My husband, David, and I knew each other for 10 months when we exchanged our vows on June 1, 1985. Given this short duration, research by Penn State University suggests our marriage should have failed in seven years.
Penn State’s PAIR Project shows that the happiest couples in marriage are the ones that dated an average of 25 months. Marrying someone you’ve dated—much less known—for less than 12 months is risky, and David and I are not risk-takers.
Editing the articles for this issue, particularly the ones by Cheryl Dueck Smith and Matthew Gallagher, reminded me that having a healthy relationship with your spouse requires work. So, I asked David why he thought our marriage has lasted 37 years. A handful of family members and friends have experienced divorce. Why not us?
We couldn’t identify anything concrete that we have or haven’t done for the past four decades. But David noted that in general our extended families and church community, our work colleagues and friends have created an environment that supports marriage, while recognizing that unhealthy and abusive relationships can and sometimes should lead to divorce. And, even when relationships dissolve, a strong commitment to marriage remains.
For example, one conversation from about a dozen years ago that still inspires me was with a man whose first marriage ended in divorce. At the time, his second wife had made a series of bad decisions. When asked why he remained committed to his second wife despite her actions, the man’s answer was simple: he didn’t believe in divorce.
How can we foster an atmosphere that affirms and sustains marriages? This issue of Christian Leader focuses on marriage, and our BodyLife story, “Refreshing marriages,” highlights three churches that have recently hosted an event or class designed to strengthen marriages. These USMB congregations, and others that have done something similar, demonstrate how local churches foster atmospheres that support and encourage men and women to regard marriage as a lifelong commitment, a decision that Tom Friesen, in his online essay for this issue, calls a subversive act.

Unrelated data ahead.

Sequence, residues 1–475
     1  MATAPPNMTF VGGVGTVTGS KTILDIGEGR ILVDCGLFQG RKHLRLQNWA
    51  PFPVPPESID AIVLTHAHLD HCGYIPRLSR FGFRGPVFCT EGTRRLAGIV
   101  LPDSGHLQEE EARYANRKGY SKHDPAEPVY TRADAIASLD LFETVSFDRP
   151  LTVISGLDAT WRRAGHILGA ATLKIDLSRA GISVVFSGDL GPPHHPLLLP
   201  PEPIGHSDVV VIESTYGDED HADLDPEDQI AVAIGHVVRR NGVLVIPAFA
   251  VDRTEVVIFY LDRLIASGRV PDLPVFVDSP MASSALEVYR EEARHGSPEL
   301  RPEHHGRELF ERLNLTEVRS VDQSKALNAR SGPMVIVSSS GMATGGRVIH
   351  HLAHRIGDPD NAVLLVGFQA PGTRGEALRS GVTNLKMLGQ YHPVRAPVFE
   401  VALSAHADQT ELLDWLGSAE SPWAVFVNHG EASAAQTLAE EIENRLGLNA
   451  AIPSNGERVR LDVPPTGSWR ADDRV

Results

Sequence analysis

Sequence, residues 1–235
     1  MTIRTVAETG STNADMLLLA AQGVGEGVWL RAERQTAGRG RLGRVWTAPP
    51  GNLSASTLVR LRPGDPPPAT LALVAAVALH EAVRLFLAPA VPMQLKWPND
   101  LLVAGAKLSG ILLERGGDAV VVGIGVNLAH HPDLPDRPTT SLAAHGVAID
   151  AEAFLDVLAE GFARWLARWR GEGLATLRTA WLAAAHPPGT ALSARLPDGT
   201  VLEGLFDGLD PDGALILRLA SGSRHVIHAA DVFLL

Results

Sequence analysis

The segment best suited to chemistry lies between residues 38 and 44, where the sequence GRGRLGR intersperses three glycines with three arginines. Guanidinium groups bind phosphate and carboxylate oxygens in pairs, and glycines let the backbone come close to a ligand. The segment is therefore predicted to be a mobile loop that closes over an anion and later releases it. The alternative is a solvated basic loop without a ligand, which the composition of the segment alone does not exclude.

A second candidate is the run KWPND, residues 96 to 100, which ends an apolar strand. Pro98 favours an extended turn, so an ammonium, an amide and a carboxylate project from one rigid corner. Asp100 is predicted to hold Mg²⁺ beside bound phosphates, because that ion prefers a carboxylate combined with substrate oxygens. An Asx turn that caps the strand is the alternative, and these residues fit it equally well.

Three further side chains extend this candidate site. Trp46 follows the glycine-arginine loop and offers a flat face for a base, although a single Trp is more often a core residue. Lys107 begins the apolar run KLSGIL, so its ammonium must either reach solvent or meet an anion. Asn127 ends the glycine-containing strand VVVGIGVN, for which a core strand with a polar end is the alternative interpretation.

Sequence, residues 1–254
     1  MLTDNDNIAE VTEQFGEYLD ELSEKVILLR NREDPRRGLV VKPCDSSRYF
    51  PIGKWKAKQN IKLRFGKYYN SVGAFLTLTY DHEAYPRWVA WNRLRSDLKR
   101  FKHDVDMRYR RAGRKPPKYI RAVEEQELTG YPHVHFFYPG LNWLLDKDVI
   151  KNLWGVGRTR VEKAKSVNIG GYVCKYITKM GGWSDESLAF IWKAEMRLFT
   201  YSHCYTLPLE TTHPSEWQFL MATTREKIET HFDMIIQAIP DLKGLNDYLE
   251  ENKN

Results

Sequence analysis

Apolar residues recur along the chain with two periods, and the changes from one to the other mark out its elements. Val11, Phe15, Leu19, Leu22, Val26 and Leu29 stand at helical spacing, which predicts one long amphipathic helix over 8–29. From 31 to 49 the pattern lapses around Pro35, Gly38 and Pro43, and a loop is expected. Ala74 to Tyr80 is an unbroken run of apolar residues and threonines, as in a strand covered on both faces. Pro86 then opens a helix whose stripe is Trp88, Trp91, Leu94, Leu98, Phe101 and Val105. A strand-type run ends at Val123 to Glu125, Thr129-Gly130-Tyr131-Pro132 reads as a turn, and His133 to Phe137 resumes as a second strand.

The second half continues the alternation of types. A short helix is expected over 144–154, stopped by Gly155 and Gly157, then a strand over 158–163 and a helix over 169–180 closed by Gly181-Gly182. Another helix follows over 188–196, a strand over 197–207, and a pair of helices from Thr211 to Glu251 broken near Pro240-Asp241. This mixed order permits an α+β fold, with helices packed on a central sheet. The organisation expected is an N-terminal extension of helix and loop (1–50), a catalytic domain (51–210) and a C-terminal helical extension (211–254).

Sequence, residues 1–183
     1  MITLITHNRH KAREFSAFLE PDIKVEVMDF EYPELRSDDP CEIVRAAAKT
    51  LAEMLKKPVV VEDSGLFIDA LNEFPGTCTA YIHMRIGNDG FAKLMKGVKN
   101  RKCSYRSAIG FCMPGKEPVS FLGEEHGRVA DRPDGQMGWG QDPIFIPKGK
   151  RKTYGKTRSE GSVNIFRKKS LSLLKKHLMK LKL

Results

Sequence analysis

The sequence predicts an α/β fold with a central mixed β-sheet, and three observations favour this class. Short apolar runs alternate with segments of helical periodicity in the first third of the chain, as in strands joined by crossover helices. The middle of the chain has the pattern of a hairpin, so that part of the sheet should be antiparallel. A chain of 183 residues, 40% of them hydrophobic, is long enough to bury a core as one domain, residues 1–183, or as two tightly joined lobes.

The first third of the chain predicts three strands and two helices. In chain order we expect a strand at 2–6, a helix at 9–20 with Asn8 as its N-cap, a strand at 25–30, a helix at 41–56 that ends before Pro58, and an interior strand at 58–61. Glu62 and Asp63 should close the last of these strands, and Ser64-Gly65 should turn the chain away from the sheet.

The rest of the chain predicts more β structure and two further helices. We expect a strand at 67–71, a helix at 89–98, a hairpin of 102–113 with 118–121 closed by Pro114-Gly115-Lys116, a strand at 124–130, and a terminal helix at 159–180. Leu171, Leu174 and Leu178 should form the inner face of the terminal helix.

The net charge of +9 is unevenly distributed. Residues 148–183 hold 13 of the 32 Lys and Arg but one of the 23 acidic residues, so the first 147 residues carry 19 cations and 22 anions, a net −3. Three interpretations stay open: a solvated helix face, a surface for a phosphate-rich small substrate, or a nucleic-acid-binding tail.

More often, I think it’s the little things we do that prove marriage is important to us. David and I communicate our subversive commitment every Sunday by simply sitting side-by-side at church.
My husband and I are thankful to be part of a congregation that is committed to healthy marriages. I encourage us to be people and congregations that intentionally nurture healthy marriages.
Despite what studies show, marriage is a risk, whether we knew our spouse for 10 months or 25. Let’s commit ourselves to being people and churches that do all we can to create an environment that says “we do” when it comes to marriage.
Congregational Prayer of Blessing
Most gracious God, pour out the abundance of your blessing upon this man and woman.
Defend them from every enemy.
Lead them into all peace.
Let their love for each other be a seal upon their hearts,
a mantle about their shoulders
and a crown upon their foreheads.
Bless them in their work and in their companionship
in their sleeping and in their waking;
in their joys and in their sorrows;
in their life and in their death.
In your mercy, guide them to that table where your saints feast for every in your heavenly home;
Through Jesus Christ our Lord who with you and the Holy Spirit lives and reigns one God, for ever and ever. Amen.